Book review of Hot Springs by Greta Rybus


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In her immersive and beautifully photographed debut, Hot Springs: Photos and Stories of How the World Soaks, Swims, and Slows Down, Maine-based photojournalist Greta Rybus ushers readers to 23 soaking spots worldwide via 200-plus images of ethereal landscapes, ruddy-cheeked bathers, striking architecture and even a blissed-out monkey. 

The book is steeped in steam and serenity, conveying the author’s lifelong reverence and enthusiasm for these “geological marvel[s]” that “giv[e] us a sense of belonging to each other and the earth.” From Mexico to Iceland, Japan to India, Alaska to Italy, Rybus shares fascinating details about each spring’s historical, cultural and spiritual significance, and reflects on their interconnectedness with the communities surrounding them.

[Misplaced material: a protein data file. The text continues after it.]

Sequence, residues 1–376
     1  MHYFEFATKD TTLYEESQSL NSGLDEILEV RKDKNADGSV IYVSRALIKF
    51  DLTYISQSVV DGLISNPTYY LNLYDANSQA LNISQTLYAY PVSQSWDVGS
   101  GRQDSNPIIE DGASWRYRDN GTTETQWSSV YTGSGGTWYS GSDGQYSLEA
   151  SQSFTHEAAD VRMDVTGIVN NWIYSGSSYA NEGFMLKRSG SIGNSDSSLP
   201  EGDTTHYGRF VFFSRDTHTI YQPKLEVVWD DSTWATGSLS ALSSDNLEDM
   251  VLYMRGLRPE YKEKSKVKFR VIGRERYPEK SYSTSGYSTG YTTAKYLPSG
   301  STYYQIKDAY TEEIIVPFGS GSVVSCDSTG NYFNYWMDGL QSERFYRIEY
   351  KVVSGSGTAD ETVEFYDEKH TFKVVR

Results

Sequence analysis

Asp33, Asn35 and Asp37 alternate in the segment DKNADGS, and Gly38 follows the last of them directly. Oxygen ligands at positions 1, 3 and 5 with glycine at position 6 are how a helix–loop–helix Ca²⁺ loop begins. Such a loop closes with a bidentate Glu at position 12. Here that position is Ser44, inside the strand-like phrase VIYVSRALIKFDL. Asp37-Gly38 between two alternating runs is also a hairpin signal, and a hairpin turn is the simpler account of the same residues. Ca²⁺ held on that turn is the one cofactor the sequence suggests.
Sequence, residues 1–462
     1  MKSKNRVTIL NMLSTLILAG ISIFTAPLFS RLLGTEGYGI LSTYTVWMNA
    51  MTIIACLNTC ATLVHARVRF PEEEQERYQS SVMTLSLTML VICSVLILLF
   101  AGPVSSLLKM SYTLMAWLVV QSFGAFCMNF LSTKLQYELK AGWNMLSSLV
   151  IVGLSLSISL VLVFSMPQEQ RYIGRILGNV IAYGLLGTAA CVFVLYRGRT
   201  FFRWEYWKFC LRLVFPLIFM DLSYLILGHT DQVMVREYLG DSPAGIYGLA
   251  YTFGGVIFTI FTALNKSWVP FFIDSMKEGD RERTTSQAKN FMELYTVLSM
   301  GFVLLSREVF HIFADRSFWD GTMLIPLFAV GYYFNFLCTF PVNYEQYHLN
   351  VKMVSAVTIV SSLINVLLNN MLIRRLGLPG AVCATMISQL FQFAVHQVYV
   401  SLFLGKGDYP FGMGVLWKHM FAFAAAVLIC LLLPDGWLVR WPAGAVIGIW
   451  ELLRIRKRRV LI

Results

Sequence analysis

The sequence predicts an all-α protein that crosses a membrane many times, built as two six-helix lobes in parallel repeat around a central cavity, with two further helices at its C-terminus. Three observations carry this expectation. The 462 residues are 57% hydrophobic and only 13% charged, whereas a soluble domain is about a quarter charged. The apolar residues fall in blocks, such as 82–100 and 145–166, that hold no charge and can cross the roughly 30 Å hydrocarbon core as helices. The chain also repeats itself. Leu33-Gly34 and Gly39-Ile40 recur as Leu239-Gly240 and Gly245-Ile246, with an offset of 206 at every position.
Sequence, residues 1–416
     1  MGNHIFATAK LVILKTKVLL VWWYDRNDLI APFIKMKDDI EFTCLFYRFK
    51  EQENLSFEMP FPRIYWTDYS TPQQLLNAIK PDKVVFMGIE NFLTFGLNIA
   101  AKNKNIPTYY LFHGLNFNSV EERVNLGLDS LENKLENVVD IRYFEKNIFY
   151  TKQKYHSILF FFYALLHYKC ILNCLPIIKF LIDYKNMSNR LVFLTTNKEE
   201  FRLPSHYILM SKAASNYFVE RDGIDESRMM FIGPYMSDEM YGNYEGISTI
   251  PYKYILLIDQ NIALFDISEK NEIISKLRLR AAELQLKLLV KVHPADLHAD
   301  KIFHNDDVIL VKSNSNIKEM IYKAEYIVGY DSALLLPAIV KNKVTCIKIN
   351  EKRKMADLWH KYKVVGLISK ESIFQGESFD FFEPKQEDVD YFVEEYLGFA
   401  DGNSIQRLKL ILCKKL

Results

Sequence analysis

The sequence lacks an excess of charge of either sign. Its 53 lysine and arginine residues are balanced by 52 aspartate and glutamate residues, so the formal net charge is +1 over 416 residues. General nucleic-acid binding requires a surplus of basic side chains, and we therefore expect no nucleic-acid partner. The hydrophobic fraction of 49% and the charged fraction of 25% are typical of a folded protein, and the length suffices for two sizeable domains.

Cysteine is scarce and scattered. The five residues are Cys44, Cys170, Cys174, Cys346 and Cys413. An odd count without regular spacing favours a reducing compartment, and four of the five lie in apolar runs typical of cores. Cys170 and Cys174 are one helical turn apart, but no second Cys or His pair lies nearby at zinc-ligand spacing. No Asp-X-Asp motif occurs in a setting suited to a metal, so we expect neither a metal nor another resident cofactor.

She visits springs both energizing and restful: In Portugal, a volcanic fissure only safe at low tide speaks to “the part of us that seeks out the thrilling, the tumultuous, the electrifying,” while the brutalist architecture of Switzerland’s Therme Vals creates a “meditative, inward, and connected atmosphere.” 

Whether they’re looking for a vacation destination or their next book to savor in the (hot) bath, readers are sure to join Rybus in marveling at “What a miracle a hot spring is: an earthly riot, a terrestrial bonus, an unexpected geologic twist!”

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